Buried

Submitted by on 9 February, 2003 - 12:00

Clive Bradley reviews Buried, Channel 4

Tony Garnett has an extraordinary track record, going back to his early work as producer with Ken Loach — Cathy Come Home, Days of Hope. More recently, he was responsible for some of the most innovative television series — This Life and The Cops (we can perhaps avert our eyes from the mess of Attachments).

The Cops, for example, took the most popular current television genre and turned it inside out, showing you the real police. It started with a young woman in a club taking drugs, then cut to the same young woman putting on her police uniform… And so it went on. The cop show meets gritty realism.

Buried is by the same team that made The Cops, turning their attention to prison drama. For the most part, prisons on TV have been a source of camp melodrama or comedy, from Cell Block H and Bad Girls to Porridge; the biggest exception was hard-hitting American show Oz, which was so violent and disturbing it tended to go out in the early hours of the morning. Buried has much in common with Oz; perhaps that was its original pitch (the British Oz…). There is even a certain similarity in the set.

In any case, Bad Girls this isn’t. The aim, clearly, is to show prison life as it really is — not titillating and jokey, but harsh and brutalising. Lee (Lenny James), respectable and straight, though his brother is a well-known psycho, is imprisoned for a murder, with no chance of appeal. He has to find his way around a strange world, seizing his chance in the first episode to establish his credentials as a hard man not to be messed with, as this is the best way to survive. Around him is a gallery of characters that includes inmates, staff, hard-nosed psychologist.

The uncertainty, incipient danger, unspoken threats, all these are well done. There is a moment where Lee has to choose whether to accept the offer of a phone card (a precious prison commodity) from one of the tough guys on his landing. Accept it and you’re beholden to the bastard, and God knows what he’ll want from you; reject it, and you might make an enemy. Lee chooses to reject. But he comes out on top.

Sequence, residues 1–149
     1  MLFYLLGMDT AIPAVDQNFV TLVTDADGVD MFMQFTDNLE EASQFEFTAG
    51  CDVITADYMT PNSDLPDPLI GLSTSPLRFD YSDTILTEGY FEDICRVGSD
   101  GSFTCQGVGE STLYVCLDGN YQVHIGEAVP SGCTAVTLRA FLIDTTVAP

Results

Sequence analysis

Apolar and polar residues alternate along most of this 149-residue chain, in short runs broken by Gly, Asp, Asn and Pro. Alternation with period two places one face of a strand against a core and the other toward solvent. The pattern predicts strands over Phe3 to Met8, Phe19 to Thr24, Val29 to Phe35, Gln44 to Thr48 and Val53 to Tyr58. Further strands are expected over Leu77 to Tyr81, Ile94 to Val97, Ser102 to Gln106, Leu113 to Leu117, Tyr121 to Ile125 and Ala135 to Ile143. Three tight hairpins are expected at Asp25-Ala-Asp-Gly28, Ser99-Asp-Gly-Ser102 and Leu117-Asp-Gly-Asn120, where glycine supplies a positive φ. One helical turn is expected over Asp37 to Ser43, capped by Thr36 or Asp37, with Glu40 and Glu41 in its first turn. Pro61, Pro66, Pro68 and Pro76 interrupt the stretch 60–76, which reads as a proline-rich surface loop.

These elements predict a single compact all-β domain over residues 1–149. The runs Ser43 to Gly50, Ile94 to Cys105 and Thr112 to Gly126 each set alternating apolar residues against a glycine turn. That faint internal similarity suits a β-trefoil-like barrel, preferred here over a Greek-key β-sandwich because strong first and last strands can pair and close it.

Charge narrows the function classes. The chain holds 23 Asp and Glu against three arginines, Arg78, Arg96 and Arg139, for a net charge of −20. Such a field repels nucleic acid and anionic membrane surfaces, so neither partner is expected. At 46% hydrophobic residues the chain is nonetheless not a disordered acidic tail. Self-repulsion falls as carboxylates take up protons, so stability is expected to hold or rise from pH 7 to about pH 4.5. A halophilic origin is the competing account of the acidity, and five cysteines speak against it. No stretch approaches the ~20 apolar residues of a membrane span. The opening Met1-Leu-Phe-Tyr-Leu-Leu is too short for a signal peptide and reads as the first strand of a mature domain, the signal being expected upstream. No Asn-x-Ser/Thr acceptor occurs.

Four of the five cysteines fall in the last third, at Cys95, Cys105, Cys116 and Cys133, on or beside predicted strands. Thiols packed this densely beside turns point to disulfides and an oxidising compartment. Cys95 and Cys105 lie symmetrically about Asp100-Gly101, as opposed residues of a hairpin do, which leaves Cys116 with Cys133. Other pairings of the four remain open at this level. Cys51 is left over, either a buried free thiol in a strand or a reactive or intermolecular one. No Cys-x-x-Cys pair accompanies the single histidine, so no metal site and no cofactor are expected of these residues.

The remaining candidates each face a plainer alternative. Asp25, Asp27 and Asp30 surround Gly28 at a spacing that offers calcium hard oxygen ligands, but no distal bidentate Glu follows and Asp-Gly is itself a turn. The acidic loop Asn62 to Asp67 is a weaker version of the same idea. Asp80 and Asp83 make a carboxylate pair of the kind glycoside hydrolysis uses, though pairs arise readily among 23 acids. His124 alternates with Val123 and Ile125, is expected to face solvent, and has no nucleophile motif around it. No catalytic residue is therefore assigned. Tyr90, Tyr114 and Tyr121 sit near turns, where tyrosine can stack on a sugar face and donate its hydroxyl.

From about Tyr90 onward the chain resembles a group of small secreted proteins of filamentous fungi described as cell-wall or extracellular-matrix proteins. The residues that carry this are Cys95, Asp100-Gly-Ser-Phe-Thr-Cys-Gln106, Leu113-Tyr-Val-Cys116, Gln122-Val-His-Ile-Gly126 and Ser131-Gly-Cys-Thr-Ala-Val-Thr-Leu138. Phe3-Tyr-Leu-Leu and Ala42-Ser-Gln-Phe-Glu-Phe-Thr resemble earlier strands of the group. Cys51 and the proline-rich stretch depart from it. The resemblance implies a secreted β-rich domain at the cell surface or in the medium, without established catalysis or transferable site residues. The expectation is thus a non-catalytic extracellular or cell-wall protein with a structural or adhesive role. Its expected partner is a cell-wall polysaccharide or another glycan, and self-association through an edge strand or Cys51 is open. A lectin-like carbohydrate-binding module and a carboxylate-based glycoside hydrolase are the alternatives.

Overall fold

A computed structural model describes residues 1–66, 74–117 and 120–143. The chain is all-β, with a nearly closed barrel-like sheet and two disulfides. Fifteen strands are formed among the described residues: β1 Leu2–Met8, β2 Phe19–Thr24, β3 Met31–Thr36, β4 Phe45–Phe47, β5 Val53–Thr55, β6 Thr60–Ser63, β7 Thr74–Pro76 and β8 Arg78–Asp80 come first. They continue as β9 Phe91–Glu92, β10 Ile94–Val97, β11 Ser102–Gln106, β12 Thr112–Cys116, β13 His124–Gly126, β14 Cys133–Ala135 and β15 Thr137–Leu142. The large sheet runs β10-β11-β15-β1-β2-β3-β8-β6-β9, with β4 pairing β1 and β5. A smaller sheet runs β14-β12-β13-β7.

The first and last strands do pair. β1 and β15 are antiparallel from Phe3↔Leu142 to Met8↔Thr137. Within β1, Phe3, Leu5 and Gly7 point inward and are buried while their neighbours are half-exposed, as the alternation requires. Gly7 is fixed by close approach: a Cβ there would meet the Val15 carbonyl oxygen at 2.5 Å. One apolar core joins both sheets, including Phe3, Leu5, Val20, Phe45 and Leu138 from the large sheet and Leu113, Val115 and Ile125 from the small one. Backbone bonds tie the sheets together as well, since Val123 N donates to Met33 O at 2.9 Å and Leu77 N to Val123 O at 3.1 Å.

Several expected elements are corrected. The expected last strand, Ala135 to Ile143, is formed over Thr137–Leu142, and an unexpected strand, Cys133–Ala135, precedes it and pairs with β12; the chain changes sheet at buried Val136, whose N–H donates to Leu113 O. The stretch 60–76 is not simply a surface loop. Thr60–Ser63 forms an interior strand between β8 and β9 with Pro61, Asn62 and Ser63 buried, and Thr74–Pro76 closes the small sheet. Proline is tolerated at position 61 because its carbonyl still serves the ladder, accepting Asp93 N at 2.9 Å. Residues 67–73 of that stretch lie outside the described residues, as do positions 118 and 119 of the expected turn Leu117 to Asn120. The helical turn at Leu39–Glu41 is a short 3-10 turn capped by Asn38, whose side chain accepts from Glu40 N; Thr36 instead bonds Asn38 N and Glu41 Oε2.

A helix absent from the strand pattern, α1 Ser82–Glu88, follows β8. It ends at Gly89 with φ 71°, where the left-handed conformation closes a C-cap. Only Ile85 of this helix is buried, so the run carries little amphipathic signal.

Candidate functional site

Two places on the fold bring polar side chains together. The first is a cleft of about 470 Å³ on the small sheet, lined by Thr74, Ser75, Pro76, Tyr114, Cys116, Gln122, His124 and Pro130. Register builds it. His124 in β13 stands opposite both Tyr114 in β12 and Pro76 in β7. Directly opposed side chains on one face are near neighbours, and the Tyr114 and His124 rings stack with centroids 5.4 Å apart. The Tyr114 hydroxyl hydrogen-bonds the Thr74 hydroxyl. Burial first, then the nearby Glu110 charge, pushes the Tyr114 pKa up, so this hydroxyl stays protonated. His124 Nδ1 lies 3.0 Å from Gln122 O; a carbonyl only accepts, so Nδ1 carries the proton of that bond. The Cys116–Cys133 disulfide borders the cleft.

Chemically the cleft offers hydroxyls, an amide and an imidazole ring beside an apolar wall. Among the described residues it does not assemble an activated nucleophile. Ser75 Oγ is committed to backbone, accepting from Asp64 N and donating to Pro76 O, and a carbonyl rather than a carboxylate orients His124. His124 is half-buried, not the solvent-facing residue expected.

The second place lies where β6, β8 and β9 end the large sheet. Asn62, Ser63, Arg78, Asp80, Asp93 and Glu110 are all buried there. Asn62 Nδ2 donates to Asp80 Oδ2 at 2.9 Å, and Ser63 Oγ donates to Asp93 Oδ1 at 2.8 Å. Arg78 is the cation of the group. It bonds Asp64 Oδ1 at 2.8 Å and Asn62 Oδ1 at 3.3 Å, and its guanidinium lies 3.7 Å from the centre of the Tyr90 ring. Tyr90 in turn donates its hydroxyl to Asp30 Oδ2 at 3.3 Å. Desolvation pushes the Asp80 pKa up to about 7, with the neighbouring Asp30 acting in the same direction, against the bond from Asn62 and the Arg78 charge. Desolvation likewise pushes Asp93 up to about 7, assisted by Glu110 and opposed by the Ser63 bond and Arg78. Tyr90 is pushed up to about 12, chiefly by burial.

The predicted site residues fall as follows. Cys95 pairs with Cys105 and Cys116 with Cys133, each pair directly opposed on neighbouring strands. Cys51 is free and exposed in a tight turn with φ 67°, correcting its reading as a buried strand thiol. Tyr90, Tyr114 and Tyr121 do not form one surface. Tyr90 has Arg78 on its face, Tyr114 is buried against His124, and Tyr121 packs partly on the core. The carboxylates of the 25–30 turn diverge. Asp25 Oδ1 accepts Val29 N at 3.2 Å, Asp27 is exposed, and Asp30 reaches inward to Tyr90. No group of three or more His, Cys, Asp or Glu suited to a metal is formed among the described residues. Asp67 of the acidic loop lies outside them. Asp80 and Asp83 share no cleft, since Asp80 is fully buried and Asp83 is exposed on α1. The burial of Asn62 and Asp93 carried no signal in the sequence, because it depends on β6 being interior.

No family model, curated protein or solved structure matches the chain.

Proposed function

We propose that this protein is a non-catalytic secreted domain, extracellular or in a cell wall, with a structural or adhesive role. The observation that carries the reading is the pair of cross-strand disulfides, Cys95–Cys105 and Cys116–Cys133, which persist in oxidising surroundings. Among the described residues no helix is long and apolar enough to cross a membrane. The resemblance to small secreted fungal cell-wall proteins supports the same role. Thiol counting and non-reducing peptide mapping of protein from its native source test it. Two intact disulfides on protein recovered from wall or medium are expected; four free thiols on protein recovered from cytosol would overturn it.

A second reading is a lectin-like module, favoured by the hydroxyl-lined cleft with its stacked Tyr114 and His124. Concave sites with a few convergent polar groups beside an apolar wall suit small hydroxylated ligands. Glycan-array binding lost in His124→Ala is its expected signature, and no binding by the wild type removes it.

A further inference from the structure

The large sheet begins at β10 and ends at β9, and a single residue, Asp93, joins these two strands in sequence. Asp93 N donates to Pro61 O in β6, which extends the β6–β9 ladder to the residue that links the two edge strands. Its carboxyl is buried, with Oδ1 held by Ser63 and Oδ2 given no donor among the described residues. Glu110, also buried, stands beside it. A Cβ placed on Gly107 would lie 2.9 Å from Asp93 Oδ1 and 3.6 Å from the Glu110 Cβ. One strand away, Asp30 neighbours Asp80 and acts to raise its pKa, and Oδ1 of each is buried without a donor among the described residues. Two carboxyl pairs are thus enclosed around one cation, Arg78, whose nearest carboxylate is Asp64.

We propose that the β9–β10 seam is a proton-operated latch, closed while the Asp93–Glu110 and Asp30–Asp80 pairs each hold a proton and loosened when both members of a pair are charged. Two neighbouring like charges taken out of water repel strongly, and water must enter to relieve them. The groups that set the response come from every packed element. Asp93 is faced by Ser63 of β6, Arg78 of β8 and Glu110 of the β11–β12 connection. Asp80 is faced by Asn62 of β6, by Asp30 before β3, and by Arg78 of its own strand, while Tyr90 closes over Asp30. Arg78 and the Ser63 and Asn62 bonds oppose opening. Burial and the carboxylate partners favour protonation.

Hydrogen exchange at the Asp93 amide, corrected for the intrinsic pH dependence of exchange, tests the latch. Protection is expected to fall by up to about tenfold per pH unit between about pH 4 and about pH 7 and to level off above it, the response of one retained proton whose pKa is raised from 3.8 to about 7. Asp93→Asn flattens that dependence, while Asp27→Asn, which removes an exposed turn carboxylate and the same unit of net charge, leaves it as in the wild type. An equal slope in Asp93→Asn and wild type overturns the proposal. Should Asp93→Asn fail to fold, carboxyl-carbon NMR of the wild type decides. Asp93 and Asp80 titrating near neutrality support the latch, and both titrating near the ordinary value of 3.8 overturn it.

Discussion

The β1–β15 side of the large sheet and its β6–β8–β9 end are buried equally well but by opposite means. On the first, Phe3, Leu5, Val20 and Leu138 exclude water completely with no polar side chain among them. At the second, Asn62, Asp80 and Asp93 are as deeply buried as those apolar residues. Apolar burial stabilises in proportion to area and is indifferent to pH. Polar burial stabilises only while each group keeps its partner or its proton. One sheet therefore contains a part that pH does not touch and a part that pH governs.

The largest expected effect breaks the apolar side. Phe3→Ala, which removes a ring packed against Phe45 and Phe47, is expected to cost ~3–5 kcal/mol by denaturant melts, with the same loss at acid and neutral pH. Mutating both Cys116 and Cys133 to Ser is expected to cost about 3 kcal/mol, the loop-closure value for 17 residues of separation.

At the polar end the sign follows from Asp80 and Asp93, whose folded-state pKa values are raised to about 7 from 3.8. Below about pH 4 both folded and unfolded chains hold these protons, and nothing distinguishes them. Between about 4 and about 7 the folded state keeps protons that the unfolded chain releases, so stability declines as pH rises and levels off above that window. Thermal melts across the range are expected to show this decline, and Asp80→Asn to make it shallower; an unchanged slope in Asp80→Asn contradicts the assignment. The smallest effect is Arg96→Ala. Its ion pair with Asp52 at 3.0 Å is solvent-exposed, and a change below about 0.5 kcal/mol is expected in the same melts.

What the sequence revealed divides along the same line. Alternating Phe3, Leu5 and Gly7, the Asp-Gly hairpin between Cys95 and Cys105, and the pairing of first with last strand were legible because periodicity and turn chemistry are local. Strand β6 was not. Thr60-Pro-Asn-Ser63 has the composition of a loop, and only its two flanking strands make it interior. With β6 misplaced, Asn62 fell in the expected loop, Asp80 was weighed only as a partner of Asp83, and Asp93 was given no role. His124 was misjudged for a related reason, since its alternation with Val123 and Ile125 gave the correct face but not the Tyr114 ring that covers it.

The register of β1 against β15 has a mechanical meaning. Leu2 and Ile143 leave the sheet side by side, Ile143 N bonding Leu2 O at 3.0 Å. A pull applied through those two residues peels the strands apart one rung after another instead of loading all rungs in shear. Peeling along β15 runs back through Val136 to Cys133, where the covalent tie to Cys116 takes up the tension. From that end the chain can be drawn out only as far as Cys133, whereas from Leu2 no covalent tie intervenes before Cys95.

In the second episode, a man due for release retreats into his cell; we learn that part of his crisis is because his cellmate-lover has abandoned him for someone new (and younger). What could have been little more than a prison cliché, or a feeble attempt to be Channel Four and right on, was sensitive, unusual and moving.
I worked in a prison for five years, and I would say Buried is pretty accurate. It may get a few minor details wrong, but it’s strong on atmosphere and character (it’s good to see a prison psychologist portrayed, accurately, as other than an idiotic do-gooder).

But I wonder how many people would choose to watch it. I have a number of reasons to be interested, not least my personal experience. It seems it is failing to draw in audiences, though. This is a pity. There is little enough serious drama on our televisions without what there is flopping badly (and convincing executives they shouldn’t have bothered).

Or is Buried itself partly to blame? For all its positive qualities, it remains little more than an effort to show prison life. One of the impressive things about Oz is that it feels like a commentary on contemporary America, its prison setting metaphorical for something bigger.

I’m not sure Buried doesn’t simply state the obvious about prisons in particular, and say little new or thought-provoking about society in general. Perhaps it breaks less ground than it could have done.

Score: 7/10
Reviewer: Clive Bradley

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